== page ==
Field of Dreams Revisited

Field of Dreams came out on May 5, 1989. My father died on June 1, 1989, and I saw the film in the theater a couple weeks later. It's a film, in many ways, about fathers and sons—about the impossibility of communication and communion between them made seemingly final by death and about the powerful fantasy of being able to reverse that years later. For a son to have one more catch with his father, one more conversation. Who wouldn't want to believe that? At eight, in the summer of 1989, I wanted it more than anything.

And for years after, Field of Dreams remained my favorite movie. I bought the DVD to take to college with me. I learned that the film's James Earl Jones character had originally been J.D. Salinger in W.P. Kinsella's novel, Shoeless Joe. When Salinger threatened to sue over the film, the screenwriters imagined a new, but similarly reclusive, writer to take his place. I found Archibald Graham in the Baseball Encyclopedia, where his stats matched those in the film. What's more is that his story—the briefest of flashes in the pan, a single inning of a game, followed by a long, distinguished career as a local doctor—is largely true to life. I learned that the field had been built for the film and since preserved as a tourist attraction. Of course, I wanted to go, but still haven't been. I learned how the film's final scene with cars approaching the field at night was shot—locals parked their cars along the road to the diamond and turned their headlights on and off. When filmed from a helicopter—if only they had had a drone!—this gave the impression that the cars were in motion towards the field.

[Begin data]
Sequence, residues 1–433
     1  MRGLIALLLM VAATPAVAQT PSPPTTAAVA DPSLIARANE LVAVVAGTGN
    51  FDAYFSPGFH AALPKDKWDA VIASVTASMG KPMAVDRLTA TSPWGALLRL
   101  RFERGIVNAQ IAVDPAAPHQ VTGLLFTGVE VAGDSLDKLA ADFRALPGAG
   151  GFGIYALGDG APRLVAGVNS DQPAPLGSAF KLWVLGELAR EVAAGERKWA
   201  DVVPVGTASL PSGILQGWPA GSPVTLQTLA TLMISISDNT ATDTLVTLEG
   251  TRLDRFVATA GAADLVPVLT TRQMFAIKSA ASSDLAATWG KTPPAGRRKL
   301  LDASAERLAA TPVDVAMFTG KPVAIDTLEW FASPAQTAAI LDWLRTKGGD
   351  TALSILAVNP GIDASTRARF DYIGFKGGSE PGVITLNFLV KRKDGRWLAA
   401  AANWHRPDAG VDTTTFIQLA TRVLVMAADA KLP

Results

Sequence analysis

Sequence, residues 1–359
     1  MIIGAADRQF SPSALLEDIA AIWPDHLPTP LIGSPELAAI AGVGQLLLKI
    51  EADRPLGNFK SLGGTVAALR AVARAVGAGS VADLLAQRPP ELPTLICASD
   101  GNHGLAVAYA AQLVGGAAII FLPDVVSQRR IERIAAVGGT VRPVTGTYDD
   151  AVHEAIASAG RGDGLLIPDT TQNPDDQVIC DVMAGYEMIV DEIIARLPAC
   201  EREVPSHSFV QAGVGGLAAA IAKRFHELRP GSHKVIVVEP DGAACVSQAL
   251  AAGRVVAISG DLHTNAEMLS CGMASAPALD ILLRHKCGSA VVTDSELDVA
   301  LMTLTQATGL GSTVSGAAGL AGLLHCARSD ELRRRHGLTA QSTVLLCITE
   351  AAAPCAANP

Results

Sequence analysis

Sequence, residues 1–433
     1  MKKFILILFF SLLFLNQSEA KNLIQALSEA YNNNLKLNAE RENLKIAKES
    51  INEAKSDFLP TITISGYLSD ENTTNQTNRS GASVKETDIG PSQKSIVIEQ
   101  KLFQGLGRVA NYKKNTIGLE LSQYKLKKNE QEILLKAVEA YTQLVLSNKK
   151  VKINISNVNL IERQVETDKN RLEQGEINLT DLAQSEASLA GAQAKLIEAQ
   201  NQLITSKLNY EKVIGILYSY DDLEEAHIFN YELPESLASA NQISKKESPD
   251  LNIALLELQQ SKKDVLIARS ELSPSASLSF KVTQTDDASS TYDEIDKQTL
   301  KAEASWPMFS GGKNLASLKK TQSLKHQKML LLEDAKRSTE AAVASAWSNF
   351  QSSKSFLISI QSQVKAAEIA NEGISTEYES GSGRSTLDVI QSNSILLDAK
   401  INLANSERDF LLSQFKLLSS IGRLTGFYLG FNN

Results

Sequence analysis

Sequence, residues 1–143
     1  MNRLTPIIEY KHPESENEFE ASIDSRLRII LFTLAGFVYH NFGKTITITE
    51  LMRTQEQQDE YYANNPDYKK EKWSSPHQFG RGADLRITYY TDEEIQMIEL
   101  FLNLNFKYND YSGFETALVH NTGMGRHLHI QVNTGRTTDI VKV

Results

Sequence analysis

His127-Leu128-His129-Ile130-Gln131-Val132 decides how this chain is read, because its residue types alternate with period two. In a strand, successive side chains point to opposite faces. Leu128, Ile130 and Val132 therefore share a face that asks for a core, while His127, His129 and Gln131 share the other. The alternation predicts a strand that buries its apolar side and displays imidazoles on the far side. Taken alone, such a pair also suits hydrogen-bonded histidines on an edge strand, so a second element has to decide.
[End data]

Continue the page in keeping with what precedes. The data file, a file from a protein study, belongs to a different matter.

I watched the film every year or two, still loved it, though I realize that many viewed it as schmaltzy. My unassailable defense has always been the circumstances around which I first encountered the film. But that's something of a cop-out, perpetuated largely by my belief that this film, at its core, is about fathers and sons. Does anyone recall that James's Earl Jones's fictional film father reports him missing after Kevin Coster takes him to a Red Sox game and then on to Minnesota? Or that Jones's initial encounter with Costner mirrors that of Costner and his lost father? Or that Lancaster is the other side of a man like his father—someone who gave up on a more attractive (at least to a son) dream of playing professional baseball to live a fairly conventional life as a doctor in his hometown. It's a choice that most boys, even after they become men, can't understand. But because this is a fantasy, Lancaster gets a second chance to play ball, Coster gets a reunion with his father, redemption is possible. As Jay Gatsby said, "Can't repeat the past? Why, of course, you can!" 

And that brings me to my most recent viewing of the film. It's still about fathers and sons, but it's now about something else to me too—the long periods of time, the years and decades, in between real chances in one's life. It's about the sadness of that absence of opportunity that makes up most of a life. The moments when chances present themselves and then disappear, often forever, are so few, so far between. That's what the Costner character, Ray Kinsella, realizes and what prompts him to build the baseball field, to listen to the voice, to risk his family's finances. He knows that he may never be able to do so again.